The fleets that operate with the lowest cost of ownership are the ones that subscribe to this flexible and environmentally responsible procurement strategy, as opposed to the legacy, pre-pandemic mindsets that were built on gut instincts and a “this is what I know, this is what I trust, this what I’ve seen” philosophy.

Asset management partners can also help fleets as they realistically bridge today’s clean-diesel technology into tomorrow’s alternate fuel options, through an appropriate ESG roadmap to determine truck procurement strategies with optimal life cycle management. This will maximize environmental considerations and organically progress toward alternate fuel technology. In doing so, fleets will achieve critical ESG goals and continuously operate the most appropriate equipment for their operation.

See also: Fleets seek flexibility amid ongoing economic challenges

In reading today’s headlines and recognizing the CARB mandates, fleets understand the importance of transitioning to a greener footprint. Still, the application must be appropriate for each fleet and its operations.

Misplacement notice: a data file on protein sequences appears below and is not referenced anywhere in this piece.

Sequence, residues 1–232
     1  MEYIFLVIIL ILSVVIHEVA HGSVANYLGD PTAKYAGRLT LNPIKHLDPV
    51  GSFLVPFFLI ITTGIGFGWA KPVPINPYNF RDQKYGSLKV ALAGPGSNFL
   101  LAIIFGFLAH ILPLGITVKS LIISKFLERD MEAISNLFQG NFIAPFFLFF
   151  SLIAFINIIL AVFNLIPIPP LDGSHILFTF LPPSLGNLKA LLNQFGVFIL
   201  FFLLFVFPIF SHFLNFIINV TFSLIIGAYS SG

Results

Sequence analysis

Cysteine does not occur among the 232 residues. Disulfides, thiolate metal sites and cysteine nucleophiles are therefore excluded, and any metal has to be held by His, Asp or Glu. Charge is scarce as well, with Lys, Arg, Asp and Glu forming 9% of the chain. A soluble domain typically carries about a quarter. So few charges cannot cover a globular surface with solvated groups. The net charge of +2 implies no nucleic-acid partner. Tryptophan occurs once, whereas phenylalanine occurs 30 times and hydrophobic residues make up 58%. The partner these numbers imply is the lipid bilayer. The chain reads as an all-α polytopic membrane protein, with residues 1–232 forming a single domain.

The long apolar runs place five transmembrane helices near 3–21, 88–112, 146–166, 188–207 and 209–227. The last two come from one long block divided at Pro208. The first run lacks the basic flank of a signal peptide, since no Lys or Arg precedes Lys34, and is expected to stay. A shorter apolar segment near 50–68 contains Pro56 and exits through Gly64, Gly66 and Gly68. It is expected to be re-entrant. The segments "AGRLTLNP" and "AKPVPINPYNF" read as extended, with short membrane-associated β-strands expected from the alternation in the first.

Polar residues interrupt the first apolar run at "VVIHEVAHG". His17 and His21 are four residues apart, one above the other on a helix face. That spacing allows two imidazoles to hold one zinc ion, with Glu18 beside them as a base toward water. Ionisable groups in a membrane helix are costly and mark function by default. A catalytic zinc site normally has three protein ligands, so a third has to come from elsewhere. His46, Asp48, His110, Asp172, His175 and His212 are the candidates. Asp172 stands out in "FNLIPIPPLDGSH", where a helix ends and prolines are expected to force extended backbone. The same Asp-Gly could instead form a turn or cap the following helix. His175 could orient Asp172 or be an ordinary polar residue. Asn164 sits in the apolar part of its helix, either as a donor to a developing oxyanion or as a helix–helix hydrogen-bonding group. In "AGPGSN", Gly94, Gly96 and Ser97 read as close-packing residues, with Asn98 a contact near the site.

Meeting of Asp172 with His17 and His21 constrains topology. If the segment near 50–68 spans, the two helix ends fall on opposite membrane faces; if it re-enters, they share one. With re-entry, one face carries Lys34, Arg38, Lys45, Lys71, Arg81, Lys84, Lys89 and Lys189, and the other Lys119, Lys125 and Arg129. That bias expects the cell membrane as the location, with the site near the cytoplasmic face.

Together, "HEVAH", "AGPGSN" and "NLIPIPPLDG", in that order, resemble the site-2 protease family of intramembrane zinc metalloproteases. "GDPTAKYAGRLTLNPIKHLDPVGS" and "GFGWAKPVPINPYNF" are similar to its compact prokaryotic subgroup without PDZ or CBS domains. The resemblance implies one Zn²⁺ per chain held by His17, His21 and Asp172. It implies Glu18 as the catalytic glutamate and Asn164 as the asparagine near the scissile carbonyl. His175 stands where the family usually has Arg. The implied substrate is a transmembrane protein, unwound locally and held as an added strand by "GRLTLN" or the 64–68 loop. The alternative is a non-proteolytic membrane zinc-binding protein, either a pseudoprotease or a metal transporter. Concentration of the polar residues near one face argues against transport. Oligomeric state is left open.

It’s about fitting into a fleet’s life cycle when you have identified the right areas that make sense close to the distribution network. It’s not feasible for someone who’s going 500 miles a day since the charging infrastructure is not ideal on the highways. Therefore, it is important to leverage utilization data to identify what percentage of electric is going to fit into a fleet over the next one, three, and five years.

All of this means that forward-thinking fleets leveraging strategic asset management partners and actionable data will avoid the need to react to prebuy cycles enabling them to focus on their operations and realize a lower total cost of ownership while transitioning to emission-free trucks over time.

Brian Antonellis, CTP, is senior vice president of fleet operations at Fleet Advantage, a provider of truck fleet business analytics, equipment financing, and life-cycle cost management.

About the Author

Brian Antonellis | Senior Vice President of Fleet Operations

Brian Antonellis, CTP, is senior vice president of fleet operations at Fleet Advantage, a provider of truck fleet business analytics, equipment financing, and life-cycle cost management. For more information visit www.FleetAdvantage.com.